After the doubt finally died, in the 1980s, when the industry was forced to acknowledge that smoking causes illness and death, the argument shifted to one of personal responsibility, freedom of choice — an argument Bosworth also wielded in his Axios interview. People have the right to consume misinformation, just as they have the right to smoke.

It may seem, at first blush, that it is a stretch to compare tobacco and social media executives. But we need to recall that much of what we know about Big Tobacco’s tactics only became evident many years later, after successful lawsuits pried open the companies’ archives.

Tobacco executives suppressed information that would have alerted the public to the health risks of smoking, no doubt because they saw it as their fiduciary duty to their shareholders. The same is true of oil companies, who started building climate-change assumptions into their internal planning processes while publicly casting doubt on the science and funding skeptics and astroturf organizations. 

Would social media platforms — who have better information about the impact of their new technologies than governments or academic researchers — suppress information about the social harms of their networks? The papers leaked by Facebook whistle-blower Frances Haugen suggest they have. 

Tobacco, oil and other industrial interests made this suppression a common cause for decades, relying on a coalition of scientific and political actors who were skeptical of research and regulation, many of them ideological cold warriors who saw the regulatory state as a threat to human freedom.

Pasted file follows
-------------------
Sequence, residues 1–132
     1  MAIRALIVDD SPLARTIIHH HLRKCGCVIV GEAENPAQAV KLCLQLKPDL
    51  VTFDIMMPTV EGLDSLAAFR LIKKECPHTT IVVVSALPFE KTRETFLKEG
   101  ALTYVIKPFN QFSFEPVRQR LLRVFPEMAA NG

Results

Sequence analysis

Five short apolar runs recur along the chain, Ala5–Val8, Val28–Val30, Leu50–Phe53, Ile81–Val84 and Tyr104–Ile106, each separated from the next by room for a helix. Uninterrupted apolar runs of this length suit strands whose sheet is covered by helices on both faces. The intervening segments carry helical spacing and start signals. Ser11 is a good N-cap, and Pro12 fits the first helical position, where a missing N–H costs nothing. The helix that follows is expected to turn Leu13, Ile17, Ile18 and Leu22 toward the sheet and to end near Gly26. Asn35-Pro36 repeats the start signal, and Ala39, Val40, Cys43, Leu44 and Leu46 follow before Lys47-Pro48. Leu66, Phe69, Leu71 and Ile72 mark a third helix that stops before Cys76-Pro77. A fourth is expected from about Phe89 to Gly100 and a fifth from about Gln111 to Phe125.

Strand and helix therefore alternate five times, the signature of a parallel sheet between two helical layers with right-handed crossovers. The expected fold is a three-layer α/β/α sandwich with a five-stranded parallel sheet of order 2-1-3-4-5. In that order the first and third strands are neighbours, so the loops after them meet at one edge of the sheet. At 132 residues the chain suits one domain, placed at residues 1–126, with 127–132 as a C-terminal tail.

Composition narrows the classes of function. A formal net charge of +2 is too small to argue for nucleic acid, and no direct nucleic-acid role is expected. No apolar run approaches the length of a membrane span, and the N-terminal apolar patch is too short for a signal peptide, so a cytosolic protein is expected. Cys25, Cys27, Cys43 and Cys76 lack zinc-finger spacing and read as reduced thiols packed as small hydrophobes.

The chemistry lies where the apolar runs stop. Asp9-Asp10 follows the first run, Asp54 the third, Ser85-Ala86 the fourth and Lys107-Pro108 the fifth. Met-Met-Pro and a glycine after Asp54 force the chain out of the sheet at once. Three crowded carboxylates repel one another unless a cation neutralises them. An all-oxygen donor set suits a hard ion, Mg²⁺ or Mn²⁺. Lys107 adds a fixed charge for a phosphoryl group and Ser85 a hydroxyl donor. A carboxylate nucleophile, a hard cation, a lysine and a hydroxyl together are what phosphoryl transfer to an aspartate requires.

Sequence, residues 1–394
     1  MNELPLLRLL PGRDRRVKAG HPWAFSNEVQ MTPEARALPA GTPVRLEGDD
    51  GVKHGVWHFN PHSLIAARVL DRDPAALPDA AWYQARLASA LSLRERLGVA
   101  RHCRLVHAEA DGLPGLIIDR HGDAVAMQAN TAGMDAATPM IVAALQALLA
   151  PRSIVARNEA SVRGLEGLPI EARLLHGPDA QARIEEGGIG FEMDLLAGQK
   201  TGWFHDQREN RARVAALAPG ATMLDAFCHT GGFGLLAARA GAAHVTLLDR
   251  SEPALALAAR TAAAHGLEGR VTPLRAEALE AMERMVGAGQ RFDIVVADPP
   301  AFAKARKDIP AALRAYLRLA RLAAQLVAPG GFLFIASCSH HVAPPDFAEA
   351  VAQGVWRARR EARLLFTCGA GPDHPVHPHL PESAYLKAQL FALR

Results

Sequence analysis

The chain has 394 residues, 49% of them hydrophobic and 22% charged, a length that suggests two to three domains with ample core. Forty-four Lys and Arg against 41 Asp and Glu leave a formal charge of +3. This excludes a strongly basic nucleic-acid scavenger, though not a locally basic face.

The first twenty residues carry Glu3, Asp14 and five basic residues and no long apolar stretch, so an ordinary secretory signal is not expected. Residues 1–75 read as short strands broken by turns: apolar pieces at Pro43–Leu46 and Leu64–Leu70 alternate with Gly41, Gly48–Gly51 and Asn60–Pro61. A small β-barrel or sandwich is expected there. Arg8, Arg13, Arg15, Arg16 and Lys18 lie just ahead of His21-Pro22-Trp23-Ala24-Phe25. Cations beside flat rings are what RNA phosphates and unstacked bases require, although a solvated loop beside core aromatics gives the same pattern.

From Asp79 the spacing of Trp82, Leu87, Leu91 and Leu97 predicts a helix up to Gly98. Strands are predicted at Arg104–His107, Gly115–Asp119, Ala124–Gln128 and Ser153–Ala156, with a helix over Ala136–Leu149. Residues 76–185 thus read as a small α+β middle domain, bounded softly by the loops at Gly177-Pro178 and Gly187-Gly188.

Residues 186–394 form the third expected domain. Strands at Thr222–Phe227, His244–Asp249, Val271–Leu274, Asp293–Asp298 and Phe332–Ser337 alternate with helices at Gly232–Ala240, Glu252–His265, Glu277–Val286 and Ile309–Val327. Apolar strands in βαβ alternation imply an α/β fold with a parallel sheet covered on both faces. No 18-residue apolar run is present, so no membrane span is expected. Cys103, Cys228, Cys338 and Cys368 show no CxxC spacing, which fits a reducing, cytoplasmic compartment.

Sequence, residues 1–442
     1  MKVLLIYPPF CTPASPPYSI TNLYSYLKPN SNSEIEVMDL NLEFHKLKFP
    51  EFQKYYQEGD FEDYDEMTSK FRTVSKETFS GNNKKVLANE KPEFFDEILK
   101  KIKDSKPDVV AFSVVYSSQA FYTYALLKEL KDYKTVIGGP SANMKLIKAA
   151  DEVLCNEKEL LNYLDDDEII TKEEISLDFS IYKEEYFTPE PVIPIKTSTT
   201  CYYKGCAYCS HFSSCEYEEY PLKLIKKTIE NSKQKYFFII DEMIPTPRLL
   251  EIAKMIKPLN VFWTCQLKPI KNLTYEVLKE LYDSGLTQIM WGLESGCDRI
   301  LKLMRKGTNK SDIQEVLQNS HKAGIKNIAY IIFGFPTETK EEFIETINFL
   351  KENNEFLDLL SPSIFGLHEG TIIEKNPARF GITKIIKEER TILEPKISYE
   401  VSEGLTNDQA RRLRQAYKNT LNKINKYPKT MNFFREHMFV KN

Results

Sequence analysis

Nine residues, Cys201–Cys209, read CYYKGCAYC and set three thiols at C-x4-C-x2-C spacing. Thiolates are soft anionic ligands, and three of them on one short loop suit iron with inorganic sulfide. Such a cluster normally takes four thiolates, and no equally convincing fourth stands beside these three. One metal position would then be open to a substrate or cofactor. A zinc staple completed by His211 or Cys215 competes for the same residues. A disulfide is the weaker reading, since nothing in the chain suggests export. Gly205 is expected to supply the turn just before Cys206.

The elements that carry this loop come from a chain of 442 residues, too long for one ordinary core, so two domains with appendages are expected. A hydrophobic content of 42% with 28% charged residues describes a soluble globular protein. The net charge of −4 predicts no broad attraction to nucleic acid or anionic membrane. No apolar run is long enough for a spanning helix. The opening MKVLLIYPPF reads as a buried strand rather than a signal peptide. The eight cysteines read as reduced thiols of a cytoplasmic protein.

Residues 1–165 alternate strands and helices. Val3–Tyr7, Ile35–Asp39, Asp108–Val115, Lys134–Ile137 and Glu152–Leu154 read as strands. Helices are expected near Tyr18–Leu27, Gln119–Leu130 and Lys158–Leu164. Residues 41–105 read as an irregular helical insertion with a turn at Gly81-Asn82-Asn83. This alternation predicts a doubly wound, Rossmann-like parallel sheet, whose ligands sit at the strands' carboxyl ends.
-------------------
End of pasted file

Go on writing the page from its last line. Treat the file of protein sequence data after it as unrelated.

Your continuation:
American historians Naomi Oreskes and Erik M. Conway do a good job of describing the long-running struggle in their 2010 book Merchants of Doubt: How a Handful of Scientists Obscured the Truth on Issues from Tobacco Smoke to Global Warming. One of the striking things about the book is the ferocity of the attacks on academic and scientific critics, as the merchants of doubt deployed political and economic clout to disparage academics who threatened their industries. 

I thought of that recently while reading Martin Patriquin’s in-depth portrait of Meta executive Kevin Chan for The Logic. Patriquin reveals that Chan, Meta’s senior global director and head of public policy for Canada, had used his position on a McGill University advisory board to attack the work of McGill professor (and CIGI fellow) Taylor Owen, an advocate for platform governance. 

Owen, who was alarmed to learn of Chan’s attack on his work, thinks policy makers should be aware of the influence Meta exerts on the spaces where policy is discussed.

“These things aren’t necessarily explicit but they shape the discourse,” he told me. “We’re seeing that in think tanks, in policy-oriented research centres at universities and in media organizations. There’s no question it’s happening. There’s no smoking gun, but that’s not how soft power works.”

Given the vital questions of public interest at stake, it is wise to at least keep in mind the patterns of behaviour established by the tobacco companies, as we watch Meta and the other tech giants remake our information ecosystems.

The opinions expressed in this article/multimedia are those of the author(s) and do not necessarily reflect the views of CIGI or its Board of Directors.

About the Author

Stephen Maher is a Harvard Nieman Fellow and a contributing editor at Maclean’s.